2. You’re going to get really fucking bored. This goes back to the artist thing: if you paint the same flower over and over and over and it never changes, you’re going to lose your damn mind. If you photograph all of your weddings at the same venue with all the same decorations, you’re going to lose interest in your work. I know that sounds harsh; some of you are probably out there saying, “I love all my couples! Every wedding is different! Screw you!” Please don’t yell at meI’m not denying you love all your clients! But you’re probably angry because you know I’m right. You’re going to get bored eventually.


But hooooow? How, Rachel, do I keep the inspirational juices flowing when I feel like a machine churning out the same old work?


Realize and accept that you’re never done learning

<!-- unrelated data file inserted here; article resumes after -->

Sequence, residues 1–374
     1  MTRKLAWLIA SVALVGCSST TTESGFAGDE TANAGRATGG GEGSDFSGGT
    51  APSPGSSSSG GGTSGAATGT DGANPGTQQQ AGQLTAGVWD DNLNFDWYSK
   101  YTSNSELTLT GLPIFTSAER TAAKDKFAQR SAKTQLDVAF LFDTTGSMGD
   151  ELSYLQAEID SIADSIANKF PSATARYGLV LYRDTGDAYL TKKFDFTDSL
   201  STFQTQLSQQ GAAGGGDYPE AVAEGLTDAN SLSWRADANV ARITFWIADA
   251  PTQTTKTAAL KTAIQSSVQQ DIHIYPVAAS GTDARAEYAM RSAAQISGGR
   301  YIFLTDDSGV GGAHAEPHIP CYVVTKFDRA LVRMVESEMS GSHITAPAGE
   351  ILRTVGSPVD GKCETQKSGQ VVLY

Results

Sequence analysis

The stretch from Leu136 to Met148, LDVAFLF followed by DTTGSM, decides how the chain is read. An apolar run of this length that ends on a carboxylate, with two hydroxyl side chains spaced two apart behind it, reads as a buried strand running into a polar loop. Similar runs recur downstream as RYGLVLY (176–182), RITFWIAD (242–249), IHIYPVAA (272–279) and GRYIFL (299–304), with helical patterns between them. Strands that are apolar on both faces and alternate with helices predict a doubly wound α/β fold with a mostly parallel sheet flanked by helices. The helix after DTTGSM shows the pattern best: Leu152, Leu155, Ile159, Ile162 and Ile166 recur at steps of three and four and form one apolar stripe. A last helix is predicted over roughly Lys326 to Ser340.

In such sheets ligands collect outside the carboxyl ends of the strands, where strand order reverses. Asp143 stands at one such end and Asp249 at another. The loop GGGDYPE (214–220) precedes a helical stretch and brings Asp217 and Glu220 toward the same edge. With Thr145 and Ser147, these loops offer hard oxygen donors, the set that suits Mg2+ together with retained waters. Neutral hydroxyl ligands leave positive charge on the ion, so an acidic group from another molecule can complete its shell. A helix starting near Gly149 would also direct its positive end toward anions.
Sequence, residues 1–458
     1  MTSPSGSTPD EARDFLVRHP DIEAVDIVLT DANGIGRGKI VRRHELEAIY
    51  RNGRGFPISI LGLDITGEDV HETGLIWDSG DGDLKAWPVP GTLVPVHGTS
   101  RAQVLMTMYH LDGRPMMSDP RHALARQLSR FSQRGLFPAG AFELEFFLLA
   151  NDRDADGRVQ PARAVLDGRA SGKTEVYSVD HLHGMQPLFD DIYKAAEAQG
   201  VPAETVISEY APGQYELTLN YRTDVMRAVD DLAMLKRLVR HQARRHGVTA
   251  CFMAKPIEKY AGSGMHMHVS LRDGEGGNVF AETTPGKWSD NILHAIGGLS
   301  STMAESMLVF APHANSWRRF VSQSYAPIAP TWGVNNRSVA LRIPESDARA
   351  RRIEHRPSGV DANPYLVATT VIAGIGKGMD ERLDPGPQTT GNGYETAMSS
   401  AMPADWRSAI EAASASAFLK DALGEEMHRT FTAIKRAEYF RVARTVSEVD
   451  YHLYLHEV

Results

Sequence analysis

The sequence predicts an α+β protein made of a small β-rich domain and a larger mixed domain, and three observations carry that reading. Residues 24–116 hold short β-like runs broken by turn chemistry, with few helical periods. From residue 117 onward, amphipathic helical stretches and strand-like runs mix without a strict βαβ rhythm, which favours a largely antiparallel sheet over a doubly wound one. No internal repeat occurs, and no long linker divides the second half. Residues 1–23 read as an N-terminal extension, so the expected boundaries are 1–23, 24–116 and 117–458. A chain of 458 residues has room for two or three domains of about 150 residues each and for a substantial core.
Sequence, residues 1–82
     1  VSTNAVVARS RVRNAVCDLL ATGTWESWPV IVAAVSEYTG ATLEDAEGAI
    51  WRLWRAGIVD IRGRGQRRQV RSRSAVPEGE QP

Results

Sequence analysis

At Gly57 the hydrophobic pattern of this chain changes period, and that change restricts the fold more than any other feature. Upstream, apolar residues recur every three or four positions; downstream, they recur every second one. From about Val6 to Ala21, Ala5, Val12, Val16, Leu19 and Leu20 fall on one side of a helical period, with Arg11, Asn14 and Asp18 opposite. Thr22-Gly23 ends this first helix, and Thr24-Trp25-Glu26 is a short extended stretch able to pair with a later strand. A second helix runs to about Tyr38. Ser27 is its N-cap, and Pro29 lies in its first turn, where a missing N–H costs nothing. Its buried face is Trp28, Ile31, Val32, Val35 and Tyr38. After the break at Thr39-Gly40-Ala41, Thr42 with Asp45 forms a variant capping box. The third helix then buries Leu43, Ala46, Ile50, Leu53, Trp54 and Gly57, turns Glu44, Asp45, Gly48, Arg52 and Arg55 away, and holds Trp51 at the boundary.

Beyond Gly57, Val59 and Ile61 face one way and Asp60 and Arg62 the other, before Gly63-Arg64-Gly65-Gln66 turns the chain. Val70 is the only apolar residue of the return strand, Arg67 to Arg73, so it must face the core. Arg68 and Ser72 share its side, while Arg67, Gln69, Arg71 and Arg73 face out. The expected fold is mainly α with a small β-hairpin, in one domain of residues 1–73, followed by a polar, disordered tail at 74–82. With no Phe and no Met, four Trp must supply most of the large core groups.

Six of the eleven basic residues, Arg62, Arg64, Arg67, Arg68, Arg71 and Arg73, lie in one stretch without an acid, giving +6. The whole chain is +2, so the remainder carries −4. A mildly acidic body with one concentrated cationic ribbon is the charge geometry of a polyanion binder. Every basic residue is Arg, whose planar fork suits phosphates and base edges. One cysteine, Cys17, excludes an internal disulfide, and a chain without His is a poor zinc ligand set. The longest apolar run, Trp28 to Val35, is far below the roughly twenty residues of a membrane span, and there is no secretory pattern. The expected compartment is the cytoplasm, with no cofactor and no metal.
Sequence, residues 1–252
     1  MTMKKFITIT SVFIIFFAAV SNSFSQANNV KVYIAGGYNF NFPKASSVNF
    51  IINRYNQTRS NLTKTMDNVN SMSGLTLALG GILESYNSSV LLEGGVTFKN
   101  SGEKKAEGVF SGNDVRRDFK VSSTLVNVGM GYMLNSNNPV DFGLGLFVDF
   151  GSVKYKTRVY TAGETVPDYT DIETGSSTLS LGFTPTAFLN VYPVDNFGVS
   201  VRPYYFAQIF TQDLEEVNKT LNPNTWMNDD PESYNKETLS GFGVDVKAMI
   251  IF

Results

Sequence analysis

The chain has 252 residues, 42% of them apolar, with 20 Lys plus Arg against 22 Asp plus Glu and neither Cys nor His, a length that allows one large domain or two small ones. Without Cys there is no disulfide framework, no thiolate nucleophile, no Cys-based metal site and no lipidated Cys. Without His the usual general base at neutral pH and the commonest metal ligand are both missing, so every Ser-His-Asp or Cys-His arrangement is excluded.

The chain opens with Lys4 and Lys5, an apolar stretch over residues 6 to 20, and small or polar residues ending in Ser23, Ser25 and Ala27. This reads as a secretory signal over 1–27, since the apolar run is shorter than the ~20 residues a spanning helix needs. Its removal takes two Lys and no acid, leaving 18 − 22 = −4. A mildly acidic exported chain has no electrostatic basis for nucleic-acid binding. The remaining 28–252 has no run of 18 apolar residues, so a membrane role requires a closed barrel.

I never want to be the absolute best photographer on the entire planet, because…then what? Where do you go from there? And even if you are “the best” at what you do, I guarantee there’s still something else out there for you to learn, something to explore, create, change. Don’t get complacent!

Try something new that you’ve been afraid of. Often, we’re only afraid because we don’t know, and things aren’t as scary as we thought they were. Expand your skill set and apply it to your current work, or maybe start adding some new offerings. You do you, cupcake; you know your business better than I do.


Set yourself challenges

Challenges are a good way to shake up your routine and push yourself outside of your comfort zone. Keep moving steadily along with your client work, but on the side, give yourself room to play, to experiment, to fail.